|13 May 2011||5:30pm - 7:00pm||Room 3, Mill Lane Lecture Rooms, 8 Mill Lane, Cambridge|
Introduced by Dame Marilyn Strathern
Chris Gregory (The Australian National University):
On money, debt and morality: Before Smith, Smith, After Smith
Why do we use the word 'debt' when we want to say that money-lending is a bad thing and 'credit' when we want to say that it a good thing? As the concept 'negative reciprocity' suggests, the language of anthropological thought is part of the problem not the solution. Adam Smith's theories represent a turning point in the history of European thought on this matter. Economic anthropology is defined by its opposition to Smith's alleged theory of 'natural economy' but this notion is a straw man. Malinowski created this totem and we have inherited today it via Mauss and Polanyi. A cursory glance at Smith's theory of moral economy reveals the pre-Smithian nature of much economic anthropology but there are prominent exceptions and these women can help us grasp the moral dimension of 'sub-prime' lending as practiced in the domestic.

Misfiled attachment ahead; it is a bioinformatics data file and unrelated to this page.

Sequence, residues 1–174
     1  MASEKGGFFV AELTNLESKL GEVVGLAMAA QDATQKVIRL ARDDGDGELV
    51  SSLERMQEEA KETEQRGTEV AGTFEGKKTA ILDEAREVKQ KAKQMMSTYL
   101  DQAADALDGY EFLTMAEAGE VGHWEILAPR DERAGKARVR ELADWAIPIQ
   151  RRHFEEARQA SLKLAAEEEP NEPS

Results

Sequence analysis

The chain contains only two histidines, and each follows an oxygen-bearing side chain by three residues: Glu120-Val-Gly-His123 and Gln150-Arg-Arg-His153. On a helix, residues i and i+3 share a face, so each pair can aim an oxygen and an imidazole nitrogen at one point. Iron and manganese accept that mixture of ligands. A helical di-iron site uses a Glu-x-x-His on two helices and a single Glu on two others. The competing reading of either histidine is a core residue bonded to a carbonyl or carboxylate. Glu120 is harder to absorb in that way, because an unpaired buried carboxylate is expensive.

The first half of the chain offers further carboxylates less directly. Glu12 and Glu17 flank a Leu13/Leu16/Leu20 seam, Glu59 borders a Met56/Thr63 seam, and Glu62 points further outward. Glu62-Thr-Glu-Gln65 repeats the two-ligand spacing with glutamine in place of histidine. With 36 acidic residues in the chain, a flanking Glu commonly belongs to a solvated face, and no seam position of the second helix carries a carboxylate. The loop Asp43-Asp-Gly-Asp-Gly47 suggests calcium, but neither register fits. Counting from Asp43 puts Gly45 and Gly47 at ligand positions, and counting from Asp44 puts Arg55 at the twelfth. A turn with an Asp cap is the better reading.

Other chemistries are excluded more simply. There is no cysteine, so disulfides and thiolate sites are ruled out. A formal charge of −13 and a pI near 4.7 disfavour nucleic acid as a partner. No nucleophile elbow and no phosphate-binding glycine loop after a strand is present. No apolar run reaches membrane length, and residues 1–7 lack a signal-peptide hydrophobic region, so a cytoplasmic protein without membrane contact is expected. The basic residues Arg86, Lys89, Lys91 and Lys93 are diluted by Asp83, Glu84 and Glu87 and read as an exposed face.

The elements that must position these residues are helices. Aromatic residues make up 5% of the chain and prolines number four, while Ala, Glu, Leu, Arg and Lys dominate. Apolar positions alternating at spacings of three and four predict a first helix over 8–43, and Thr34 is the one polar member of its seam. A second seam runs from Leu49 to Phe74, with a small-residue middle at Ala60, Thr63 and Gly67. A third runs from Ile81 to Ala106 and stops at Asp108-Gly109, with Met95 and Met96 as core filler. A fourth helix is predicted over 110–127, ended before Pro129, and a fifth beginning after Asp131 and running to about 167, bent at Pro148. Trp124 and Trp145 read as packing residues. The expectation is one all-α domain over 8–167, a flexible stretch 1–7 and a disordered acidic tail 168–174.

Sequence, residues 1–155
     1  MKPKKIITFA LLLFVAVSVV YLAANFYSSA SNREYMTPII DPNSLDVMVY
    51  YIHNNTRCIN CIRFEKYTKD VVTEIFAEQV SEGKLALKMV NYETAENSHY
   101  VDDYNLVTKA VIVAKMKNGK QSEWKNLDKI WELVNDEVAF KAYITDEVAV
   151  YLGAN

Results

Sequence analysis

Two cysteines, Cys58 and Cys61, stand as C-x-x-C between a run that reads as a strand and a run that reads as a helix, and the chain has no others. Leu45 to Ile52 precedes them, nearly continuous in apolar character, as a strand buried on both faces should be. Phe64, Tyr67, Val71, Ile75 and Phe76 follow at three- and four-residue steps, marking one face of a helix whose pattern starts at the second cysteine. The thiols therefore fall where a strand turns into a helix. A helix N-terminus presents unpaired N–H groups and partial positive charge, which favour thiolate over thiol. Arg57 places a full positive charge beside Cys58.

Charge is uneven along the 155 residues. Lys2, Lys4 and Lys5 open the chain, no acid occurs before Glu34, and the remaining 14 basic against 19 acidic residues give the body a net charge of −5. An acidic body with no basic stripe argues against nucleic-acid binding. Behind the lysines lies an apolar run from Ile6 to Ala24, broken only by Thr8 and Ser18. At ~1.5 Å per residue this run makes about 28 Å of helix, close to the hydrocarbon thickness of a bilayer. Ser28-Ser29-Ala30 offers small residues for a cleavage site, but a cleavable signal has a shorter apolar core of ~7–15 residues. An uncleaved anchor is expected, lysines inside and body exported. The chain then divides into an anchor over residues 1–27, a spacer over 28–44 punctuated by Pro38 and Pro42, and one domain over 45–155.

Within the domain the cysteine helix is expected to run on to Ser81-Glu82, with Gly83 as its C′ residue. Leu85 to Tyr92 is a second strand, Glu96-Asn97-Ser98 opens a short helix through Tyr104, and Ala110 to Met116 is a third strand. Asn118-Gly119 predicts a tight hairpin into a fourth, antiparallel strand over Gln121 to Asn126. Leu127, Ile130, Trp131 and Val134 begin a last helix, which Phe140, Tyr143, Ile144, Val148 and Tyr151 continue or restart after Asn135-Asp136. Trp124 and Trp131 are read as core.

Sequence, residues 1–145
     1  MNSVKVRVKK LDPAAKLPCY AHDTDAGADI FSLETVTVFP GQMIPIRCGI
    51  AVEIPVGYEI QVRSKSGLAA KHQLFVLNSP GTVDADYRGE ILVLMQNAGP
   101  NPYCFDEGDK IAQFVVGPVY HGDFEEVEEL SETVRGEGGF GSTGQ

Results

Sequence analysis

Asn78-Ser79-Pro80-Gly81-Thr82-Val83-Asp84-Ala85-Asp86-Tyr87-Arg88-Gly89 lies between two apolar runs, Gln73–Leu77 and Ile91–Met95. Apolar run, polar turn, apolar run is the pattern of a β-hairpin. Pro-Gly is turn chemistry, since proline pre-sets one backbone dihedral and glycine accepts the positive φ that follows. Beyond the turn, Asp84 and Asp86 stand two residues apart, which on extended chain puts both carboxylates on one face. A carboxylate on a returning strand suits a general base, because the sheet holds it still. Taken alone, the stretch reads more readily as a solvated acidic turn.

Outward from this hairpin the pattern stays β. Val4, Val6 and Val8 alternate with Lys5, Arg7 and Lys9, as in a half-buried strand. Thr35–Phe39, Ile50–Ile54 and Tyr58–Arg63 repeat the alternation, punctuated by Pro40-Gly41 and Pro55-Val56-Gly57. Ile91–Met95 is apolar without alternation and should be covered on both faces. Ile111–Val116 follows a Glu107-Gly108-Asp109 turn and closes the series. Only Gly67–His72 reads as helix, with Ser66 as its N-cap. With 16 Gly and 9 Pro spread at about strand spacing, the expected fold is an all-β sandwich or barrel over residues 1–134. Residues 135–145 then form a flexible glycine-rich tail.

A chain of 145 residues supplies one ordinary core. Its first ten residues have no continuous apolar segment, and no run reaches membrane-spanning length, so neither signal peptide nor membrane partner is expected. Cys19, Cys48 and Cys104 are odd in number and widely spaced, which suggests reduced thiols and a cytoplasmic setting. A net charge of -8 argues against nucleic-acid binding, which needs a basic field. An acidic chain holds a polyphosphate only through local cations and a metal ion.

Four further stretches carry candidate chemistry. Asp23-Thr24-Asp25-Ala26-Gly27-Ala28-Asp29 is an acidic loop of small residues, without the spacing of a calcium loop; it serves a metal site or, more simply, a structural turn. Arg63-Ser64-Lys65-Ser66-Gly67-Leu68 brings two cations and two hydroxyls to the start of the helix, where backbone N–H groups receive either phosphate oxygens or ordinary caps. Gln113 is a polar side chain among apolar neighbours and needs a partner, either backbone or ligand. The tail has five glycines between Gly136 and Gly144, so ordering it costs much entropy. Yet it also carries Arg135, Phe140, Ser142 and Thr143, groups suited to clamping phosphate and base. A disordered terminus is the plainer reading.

The conveners are grateful for the support of The Centre for Research in the Arts, Social Sciences and Humanities (CRASSH), the Department of Social Anthropology, Cambridge, the Wyse Fund and the Evans Fund, at the University of Cambridge.
Administrative assistance: Helga Brandt (Conference Programme Manager, CRASSH)